Bond notes continued to gain public confidence with several people and businesses banking on the new currency to alleviate prevailing cash shortages. Yesterday marked the second day of bond notes in circulation.The transacting public was using bond notes interchangeably with the US dollar notes without any challenge.
A survey by The Herald showed the public had already built confidence in the new currency, which is pegged at 1:1 with the US dollar.
The Herald witnessed only one incident of a Service Station in Tynwald South that was totally rejecting the notes.
A fuel attendant at Kirkman service station in Tynwald South said they were told by their superiors not to accept the bond notes.
Vendors who spoke to The Herald welcomed the introduction of bond notes, which came in denominations of $1, $2, and $5.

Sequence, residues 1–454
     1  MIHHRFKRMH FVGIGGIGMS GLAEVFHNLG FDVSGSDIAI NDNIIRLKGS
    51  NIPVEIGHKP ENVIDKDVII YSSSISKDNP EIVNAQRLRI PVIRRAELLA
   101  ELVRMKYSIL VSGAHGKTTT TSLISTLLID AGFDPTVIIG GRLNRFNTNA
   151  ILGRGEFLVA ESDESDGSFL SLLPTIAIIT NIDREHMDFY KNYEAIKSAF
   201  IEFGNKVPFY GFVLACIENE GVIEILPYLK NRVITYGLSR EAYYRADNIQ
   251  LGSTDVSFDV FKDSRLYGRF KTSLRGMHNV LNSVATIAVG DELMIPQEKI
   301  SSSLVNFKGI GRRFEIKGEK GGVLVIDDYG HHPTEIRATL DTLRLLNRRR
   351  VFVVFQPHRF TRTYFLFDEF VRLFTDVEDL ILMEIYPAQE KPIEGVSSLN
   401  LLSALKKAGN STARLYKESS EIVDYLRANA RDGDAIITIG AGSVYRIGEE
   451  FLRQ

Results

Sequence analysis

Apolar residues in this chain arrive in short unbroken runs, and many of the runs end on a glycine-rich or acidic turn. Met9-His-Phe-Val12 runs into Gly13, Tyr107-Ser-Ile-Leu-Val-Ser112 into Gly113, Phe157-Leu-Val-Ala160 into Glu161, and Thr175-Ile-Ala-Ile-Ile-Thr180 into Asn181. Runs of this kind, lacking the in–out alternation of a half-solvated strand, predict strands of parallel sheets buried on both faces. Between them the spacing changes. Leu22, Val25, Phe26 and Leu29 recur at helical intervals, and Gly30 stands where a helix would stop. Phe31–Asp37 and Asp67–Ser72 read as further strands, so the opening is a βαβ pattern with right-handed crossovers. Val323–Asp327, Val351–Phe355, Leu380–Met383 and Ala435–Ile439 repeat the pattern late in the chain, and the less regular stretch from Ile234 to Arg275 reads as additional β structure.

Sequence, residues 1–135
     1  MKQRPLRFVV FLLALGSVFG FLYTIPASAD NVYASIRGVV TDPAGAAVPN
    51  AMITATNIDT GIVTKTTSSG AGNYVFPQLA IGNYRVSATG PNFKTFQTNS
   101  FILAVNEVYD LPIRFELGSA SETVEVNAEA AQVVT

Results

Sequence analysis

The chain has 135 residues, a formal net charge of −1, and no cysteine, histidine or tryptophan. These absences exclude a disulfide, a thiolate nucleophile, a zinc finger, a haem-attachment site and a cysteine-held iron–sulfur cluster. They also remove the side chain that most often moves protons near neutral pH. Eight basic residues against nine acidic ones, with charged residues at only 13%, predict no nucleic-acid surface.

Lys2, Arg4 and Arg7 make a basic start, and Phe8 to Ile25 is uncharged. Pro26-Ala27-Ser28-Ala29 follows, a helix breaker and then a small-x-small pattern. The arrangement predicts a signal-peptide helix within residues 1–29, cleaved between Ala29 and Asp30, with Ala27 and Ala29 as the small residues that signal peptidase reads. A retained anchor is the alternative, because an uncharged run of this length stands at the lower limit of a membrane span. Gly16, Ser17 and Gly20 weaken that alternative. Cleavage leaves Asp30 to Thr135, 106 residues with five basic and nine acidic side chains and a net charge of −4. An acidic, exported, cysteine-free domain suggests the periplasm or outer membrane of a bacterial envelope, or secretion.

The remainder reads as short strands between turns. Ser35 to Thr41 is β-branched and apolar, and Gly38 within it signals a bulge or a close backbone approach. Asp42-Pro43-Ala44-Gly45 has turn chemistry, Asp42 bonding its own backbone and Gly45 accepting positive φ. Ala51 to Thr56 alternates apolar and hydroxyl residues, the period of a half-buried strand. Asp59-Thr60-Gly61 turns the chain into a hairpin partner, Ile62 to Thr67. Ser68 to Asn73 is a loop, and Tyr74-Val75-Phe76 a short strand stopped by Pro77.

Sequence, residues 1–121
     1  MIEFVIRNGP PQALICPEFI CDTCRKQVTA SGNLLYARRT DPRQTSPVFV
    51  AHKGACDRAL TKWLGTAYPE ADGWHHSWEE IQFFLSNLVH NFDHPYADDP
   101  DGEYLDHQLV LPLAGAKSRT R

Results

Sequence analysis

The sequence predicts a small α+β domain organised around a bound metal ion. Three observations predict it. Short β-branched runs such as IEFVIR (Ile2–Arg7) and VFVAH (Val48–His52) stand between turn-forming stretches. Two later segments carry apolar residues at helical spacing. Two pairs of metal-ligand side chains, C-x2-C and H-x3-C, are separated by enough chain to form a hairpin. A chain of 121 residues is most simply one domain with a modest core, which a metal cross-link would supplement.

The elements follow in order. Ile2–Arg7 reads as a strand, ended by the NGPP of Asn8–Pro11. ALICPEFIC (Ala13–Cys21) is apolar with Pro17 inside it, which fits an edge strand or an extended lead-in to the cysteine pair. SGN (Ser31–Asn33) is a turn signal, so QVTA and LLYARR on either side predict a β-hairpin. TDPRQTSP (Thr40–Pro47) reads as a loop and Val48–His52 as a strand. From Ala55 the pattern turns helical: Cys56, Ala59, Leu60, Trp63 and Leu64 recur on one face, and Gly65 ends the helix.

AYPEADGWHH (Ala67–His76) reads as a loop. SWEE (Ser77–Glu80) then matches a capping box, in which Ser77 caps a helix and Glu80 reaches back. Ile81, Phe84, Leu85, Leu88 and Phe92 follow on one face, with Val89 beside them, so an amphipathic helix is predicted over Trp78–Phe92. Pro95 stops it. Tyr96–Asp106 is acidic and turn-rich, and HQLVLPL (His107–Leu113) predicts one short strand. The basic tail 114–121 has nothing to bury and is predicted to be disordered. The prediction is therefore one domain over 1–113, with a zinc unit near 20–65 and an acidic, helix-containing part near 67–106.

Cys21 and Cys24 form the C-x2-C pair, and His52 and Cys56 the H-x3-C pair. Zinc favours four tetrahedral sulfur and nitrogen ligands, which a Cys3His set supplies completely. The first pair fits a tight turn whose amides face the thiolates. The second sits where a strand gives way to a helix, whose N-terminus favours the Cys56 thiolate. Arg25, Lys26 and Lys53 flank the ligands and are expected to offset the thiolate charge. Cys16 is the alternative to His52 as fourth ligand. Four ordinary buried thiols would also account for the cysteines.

A vendor at Simon Muzenda bus terminus in Harare said the bond notes were a welcome relief in the face of cash shortages.
“We are happy that the bond has finally come,” she said. “They are an answer to the cash crisis that we have been facing for the past months. The problem with Zimbabweans is that we don’t want to embrace change,” she said.
Mr Tafadzwa Makone, who withdrew money at one of the financial institutions in the Harare central business district said: “We were sick and tired of waiting for long hours in meandering bank queues on a daily basis to withdraw our salaries.
A Trek Petroleum Service Station in Harare had different prices for those who were paying with hard cash and those using plastic money.
Those paying cash bought the fuel at lower prices, while it was a bit higher for those using plastic money. For instance diesel was going for $1,14 for those using cash while those using plastic money had to pay $1,20, practically devaluing the US dollar against itself. herald